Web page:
As international organisations prepare to distribute aid to war-weary civilians in the Tigray state of Ethiopia as soon as possible, Tigray refugees who escaped to neighbouring Sudan wonder if they will ever see their homeland again.
A deal reached between the United Nations and the Ethiopian government last week allowed humanitarian workers to enter the embattled region, but it remains too volatile for aid to reach.
Prime Minister Abiy Ahmed declared victory over the Tigray People’s Liberation Front (TPLF) after federal troops captured the regional capital Mekelle just over a week ago, saying not a single civilian had been killed in the offensive.
Tens of thousands of displaced Ethiopian refugees are running out of food and water due to the month-long conflict that has forced almost 50,000 to flee.
Those who fled the violence believe they are the lucky ones.
A vast majority of the refugees living in Sudan’s Um Rakuba camp, which means “mother of all shelters”, are male. They say they saw other men being killed, and fled for their lives.
Despite the bare-bones conditions of the camp, with families sleeping out in the open, Tigrayans say they feel safe there.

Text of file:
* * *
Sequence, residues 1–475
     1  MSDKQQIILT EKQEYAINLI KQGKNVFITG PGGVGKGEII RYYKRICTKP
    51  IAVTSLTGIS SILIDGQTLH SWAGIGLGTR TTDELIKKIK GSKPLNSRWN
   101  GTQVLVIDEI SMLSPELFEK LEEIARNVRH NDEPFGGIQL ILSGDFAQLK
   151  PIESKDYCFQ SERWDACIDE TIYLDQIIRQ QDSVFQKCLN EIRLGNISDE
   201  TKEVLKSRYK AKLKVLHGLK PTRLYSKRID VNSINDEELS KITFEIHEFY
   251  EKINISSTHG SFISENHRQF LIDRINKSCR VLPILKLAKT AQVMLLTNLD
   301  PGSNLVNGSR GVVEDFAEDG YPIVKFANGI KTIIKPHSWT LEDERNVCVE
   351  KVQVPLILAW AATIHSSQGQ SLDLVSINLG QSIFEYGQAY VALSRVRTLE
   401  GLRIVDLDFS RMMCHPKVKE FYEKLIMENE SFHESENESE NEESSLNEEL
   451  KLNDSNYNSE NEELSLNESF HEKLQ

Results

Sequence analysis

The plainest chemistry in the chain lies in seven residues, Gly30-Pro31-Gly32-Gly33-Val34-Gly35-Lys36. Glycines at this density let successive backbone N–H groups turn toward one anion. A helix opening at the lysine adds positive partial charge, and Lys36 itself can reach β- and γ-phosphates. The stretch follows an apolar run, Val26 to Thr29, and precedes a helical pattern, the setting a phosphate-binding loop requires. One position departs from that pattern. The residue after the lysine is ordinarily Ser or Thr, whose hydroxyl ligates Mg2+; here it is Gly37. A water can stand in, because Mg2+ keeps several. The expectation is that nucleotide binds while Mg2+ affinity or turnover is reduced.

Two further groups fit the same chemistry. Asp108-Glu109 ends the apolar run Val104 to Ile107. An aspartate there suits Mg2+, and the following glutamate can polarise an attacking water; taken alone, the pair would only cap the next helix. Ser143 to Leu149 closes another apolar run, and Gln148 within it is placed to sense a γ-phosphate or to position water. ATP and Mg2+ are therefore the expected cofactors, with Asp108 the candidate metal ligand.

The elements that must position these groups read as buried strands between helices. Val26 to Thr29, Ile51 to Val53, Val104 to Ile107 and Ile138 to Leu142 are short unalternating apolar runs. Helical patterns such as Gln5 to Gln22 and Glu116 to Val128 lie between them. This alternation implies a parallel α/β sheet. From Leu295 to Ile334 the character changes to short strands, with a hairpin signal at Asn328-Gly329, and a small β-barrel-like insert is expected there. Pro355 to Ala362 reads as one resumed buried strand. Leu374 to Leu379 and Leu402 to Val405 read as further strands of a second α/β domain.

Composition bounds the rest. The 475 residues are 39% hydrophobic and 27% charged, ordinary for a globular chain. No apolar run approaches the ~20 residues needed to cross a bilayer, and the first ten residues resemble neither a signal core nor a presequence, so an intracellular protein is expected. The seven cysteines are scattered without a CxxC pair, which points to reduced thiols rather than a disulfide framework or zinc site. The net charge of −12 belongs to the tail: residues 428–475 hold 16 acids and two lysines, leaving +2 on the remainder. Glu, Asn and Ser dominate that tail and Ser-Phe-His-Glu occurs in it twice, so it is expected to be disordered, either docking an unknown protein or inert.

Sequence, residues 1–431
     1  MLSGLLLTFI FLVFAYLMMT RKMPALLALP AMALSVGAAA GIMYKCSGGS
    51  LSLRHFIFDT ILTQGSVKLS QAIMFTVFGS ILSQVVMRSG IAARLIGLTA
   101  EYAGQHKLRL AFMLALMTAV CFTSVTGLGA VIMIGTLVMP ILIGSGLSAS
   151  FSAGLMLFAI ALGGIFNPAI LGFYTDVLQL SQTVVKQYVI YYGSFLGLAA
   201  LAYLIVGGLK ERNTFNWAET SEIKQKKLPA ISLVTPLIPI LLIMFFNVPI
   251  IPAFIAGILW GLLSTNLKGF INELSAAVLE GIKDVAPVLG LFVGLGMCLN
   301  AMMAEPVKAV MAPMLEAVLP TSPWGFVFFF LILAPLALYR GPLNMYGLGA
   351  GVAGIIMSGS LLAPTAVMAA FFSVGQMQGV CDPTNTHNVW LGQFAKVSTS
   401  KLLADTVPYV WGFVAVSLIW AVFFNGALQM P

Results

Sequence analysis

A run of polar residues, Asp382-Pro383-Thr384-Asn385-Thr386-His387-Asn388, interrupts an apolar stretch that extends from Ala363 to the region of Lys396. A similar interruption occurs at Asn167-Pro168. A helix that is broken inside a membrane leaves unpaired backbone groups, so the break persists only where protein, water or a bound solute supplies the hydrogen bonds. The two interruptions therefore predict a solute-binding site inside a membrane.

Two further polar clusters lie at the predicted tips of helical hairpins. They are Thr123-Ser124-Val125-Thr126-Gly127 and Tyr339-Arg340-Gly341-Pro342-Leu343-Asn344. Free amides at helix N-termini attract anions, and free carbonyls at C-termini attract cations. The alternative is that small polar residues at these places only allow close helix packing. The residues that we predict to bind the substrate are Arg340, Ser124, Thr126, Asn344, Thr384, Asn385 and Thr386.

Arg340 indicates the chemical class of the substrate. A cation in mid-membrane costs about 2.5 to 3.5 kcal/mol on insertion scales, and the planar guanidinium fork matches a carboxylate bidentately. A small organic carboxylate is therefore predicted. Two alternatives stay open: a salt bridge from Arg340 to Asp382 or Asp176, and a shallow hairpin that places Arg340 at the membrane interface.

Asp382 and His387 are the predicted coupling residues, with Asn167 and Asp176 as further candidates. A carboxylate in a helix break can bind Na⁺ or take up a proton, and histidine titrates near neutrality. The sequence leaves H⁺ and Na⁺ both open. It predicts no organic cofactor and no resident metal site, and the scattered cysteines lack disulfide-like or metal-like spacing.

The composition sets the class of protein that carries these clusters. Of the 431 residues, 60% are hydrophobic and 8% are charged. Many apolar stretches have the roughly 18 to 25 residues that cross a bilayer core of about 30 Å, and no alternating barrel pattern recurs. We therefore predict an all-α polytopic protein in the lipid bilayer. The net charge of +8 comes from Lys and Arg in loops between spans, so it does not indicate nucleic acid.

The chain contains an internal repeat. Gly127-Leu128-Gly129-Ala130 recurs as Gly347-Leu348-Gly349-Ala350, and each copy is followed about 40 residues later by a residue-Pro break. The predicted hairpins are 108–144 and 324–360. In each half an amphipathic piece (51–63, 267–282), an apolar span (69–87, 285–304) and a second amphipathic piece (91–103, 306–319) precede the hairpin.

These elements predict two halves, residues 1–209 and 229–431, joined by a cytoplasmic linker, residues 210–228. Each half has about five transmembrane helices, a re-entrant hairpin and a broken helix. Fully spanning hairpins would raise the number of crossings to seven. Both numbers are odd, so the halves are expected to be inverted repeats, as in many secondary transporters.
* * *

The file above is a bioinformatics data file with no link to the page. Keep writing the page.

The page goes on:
Cash and other assistance are available to all the refugees and rudimentary education facilities have been set up.
Refugee teachers start lessons with songs under wooden shelters – the sound of children singing is a welcome distraction for those missing family members back home.
If there is one consensus among the refugees, it is this: They will not return home until it is safe.
“I cannot go back to Tigray. It is too dangerous for me,” said Younas, a student.
He longs to hear whether his sister and mother are safe but because of the deliberate communication blackout, he cannot reach them. “I will just have to wait,” he said.
Waiting has become a forced pastime for many Tigrayans living in Um Rakuba as the conflict, which could potentially uproot them forever, continues.